The bristles or ridges or combination thereof of either section of each channel, may be natural or synthetic and may also take the form of protuberances formed integrally with the plastic channels. The bristles or protuberances are not so long that they will be held continuously in collapsed position during chewing. Advantage may be taken of the fact that plastics molded from a melt shrink slightly on cooling so that the channels produced from the impressions made of a persons mouth are still slightly smaller than the actual teeth and will elastically expand on chewing. The walls of the channels are thick enough to form the ridges referred to above, extending away from the gingival lines of the device.

The elastic plastic material forming the channels can be of any elastomeric material which does not have an offensive odor or taste and which is relatively inert with respect to saliva. Suitable materials include the natural and synthetic rubbers, polymers of ethyl vinyl acetate, elastomeric silicone resins, etc.

BRIEF DESCRIPTION OF THE DRAWINGS Other objects, advantages and features of this invention will become more fully apparent from the following detailed description, appended claims and accompanying drawings in which:

FIG. 1 is a perspective view of the device of this invention which may sometimes be referred to as a chewbrush.

FIG. 2 is a cross-sectional view of the chewbrush of this invention shown positioned over two opposing teeth before being chewed into.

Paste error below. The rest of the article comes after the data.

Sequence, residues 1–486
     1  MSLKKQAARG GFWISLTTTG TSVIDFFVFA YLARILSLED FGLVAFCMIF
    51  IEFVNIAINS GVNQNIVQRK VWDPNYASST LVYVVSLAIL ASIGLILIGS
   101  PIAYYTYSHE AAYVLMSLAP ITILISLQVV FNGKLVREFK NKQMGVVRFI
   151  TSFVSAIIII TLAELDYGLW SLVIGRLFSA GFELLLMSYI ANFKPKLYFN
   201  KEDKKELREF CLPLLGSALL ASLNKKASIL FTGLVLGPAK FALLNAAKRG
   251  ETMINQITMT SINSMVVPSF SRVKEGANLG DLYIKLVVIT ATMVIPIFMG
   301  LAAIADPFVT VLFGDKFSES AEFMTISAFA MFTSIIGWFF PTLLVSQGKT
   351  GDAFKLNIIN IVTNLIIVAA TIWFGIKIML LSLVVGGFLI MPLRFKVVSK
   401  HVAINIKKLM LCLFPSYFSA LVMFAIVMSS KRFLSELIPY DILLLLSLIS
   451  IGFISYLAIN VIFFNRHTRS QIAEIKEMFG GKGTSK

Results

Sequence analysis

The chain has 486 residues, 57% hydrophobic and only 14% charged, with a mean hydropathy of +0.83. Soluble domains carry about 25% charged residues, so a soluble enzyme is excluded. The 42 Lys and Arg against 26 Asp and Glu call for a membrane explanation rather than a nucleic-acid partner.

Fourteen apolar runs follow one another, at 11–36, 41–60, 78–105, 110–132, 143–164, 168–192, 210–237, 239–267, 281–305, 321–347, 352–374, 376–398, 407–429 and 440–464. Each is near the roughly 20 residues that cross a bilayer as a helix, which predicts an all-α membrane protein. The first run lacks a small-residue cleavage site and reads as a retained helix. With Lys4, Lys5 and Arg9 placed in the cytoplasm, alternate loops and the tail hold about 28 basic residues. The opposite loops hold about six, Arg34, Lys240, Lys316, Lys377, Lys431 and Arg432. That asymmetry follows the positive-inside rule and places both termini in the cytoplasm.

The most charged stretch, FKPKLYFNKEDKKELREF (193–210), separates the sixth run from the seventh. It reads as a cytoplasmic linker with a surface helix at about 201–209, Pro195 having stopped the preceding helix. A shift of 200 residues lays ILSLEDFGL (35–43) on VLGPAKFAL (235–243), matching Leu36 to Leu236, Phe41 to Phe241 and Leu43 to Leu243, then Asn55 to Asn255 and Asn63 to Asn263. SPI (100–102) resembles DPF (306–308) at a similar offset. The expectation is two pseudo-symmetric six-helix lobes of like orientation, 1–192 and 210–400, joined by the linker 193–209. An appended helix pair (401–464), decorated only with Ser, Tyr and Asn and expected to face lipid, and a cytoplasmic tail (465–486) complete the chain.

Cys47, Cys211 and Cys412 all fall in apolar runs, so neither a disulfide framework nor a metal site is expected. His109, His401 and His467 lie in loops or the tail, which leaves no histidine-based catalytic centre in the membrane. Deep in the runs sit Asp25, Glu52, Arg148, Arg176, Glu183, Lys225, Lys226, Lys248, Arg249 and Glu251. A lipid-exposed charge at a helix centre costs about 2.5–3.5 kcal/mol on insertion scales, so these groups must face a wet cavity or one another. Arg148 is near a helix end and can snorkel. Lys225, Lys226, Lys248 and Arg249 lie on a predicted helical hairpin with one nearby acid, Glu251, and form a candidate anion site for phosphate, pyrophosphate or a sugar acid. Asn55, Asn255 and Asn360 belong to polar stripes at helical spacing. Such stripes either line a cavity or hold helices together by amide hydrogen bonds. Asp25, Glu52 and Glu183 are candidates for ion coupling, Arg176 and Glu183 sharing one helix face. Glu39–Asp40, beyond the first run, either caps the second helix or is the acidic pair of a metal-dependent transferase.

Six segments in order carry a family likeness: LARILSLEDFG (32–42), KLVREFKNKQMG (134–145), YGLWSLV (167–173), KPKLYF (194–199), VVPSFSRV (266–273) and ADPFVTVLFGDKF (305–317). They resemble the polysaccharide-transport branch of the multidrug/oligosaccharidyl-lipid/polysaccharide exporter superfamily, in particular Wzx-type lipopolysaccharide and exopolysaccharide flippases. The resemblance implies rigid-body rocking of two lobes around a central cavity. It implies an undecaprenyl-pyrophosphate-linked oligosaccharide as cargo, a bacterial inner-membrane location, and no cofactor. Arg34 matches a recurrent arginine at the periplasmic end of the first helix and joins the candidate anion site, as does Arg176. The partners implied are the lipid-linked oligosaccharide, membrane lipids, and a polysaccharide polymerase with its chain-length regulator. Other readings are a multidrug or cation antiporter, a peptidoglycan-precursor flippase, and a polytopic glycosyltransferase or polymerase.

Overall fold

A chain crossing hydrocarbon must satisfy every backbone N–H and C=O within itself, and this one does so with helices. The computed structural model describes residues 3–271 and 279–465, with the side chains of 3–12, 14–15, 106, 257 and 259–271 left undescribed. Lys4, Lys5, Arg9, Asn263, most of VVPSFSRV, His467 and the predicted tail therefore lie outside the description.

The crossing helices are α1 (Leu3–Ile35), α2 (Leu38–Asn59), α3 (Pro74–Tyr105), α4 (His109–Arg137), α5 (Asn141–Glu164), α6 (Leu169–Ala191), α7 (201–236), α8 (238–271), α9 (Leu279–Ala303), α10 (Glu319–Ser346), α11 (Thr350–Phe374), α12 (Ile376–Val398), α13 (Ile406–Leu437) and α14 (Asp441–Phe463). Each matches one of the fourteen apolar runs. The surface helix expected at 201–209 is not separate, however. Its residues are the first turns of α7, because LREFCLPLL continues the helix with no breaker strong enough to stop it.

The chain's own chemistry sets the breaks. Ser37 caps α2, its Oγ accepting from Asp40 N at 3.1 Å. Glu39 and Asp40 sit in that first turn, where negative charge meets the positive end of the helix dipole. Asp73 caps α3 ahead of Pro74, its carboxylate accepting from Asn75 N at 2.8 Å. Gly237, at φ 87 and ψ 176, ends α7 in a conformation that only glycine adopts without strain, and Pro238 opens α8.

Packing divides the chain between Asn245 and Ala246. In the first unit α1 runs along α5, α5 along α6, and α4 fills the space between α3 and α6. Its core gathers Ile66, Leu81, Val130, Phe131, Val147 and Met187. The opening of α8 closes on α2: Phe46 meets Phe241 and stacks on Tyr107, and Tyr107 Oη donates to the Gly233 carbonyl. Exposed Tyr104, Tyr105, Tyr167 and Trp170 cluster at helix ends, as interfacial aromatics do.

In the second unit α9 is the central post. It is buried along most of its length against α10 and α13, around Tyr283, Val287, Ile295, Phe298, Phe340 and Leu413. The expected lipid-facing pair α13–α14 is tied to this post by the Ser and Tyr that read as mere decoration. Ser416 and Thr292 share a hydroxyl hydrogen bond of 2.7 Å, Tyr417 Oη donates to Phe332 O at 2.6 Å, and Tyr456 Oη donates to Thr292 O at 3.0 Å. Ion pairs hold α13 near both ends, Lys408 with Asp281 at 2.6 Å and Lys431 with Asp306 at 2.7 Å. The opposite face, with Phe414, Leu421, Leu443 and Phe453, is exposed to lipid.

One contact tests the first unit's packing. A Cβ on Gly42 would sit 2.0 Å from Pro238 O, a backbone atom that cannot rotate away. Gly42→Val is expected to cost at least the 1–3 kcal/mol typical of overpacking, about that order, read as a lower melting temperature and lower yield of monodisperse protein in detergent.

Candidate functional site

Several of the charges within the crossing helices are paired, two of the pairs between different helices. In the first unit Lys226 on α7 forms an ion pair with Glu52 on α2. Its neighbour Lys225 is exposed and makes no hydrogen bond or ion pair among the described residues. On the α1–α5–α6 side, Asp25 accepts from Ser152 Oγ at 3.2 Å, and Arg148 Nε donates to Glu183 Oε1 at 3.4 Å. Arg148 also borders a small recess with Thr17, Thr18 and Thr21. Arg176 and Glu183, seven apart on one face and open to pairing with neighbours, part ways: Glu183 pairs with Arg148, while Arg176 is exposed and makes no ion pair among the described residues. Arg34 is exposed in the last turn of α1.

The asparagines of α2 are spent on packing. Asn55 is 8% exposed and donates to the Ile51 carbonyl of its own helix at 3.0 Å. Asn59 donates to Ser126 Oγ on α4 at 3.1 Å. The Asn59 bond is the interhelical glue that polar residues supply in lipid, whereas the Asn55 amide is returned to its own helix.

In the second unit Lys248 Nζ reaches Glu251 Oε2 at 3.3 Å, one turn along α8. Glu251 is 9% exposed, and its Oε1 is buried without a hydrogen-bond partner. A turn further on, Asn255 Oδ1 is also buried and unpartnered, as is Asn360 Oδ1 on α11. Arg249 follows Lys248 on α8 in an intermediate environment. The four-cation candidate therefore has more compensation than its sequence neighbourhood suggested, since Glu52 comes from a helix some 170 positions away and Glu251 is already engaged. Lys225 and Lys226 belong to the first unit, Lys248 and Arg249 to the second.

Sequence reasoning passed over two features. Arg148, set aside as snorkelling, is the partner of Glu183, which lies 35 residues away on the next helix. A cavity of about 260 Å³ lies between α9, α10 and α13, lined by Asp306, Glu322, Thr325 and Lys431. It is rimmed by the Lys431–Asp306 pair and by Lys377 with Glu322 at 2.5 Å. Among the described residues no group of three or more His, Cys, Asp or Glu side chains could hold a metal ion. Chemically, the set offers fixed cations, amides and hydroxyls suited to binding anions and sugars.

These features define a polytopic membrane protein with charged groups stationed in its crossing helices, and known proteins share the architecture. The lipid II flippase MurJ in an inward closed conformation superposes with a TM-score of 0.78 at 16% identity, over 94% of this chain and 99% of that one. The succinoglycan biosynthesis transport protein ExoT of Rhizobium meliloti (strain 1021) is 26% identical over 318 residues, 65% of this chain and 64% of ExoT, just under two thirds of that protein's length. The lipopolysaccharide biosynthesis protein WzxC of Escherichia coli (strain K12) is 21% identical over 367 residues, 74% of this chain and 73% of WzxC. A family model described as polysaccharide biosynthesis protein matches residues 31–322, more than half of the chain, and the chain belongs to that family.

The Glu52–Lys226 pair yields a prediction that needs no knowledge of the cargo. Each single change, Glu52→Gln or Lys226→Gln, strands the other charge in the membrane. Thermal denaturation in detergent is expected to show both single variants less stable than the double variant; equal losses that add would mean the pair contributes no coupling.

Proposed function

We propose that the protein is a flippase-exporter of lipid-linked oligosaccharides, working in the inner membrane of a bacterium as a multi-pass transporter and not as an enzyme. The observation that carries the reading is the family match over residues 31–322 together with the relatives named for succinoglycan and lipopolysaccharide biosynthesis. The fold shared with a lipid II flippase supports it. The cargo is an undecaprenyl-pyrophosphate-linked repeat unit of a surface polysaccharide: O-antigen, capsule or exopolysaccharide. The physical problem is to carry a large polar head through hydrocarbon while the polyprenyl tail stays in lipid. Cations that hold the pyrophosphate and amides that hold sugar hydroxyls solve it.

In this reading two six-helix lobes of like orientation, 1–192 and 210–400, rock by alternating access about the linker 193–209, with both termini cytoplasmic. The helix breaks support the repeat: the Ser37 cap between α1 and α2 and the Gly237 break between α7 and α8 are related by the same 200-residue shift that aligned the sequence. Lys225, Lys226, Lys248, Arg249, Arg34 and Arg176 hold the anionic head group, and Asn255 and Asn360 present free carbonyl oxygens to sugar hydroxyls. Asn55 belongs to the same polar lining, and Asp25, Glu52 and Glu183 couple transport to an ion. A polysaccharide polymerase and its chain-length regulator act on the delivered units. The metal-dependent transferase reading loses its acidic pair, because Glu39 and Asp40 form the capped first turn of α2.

FIG. 3 is a detail cross-sectional view of the chewbrush of this invention as it appears over a typical tooth when chewed upon (in a fully closed position).

DETAILED DESCRIPTION OF THE PREFERRED EMBODIMENT Refer now to FIG. 1, which is a perspective view of the tooth-cleaning device of this invention. The device is formed of a pair of integral channels 11 and 12. which are fabricated to conform to the maxillary and mandibular arches, respectively, and to the arcuate arrangement of the teeth and surrounding structures within the mouth of a person utilizing the device. Formed integral with the channels 11 and 12 is an arm 13 which is terminated in a handle 15. Each channel 11 and 12 has inner surfaces of two distinct parts, which are formed by a molding process to l) the contour of the teeth, and (2) to conform approximately to the adjacent structures of the Marginal Gingiva. Accordingly, when the device is positioned in the mouth and the user chews, the entire crown portions of the teeth will fit snugly against the walls of the channels and be cleansed and the unattached gingiva (Free Marginal Gingiva) will be compressed to allow for the cleansing of the gingival crevice and the massaging of the marginal gingiva.

FIG. 2 is a cross-sectional view of the upper and lower channels 1 l and 12 of the tooth-cleaning and gingival therapeutic device positioned over opposing teeth. In FIG. 2, the area of the clinical crown, the Free Marginal or unattached gingiva, the epitheliel attachment, the gingival crevice and the peridontal ligament have been labeled.

The gingiva surrounding the clinical crown attaches itself in the healthy mouth to the tooth at a depth ranging from 0.05 to 2 millimeters below the superior position of the marginal gingival thus creating what is known as the gingival crevice. It is through this crevice that bacteria gain entry into the epitheliel attachment and into the peridontal ligament 25, initiating its breakdown, together with assymptomatic and progressive bone destruction. This pathologic progressive asymptomatic destruction of supporting bone is what ultimately challenges the integrity of the tooth structure itself.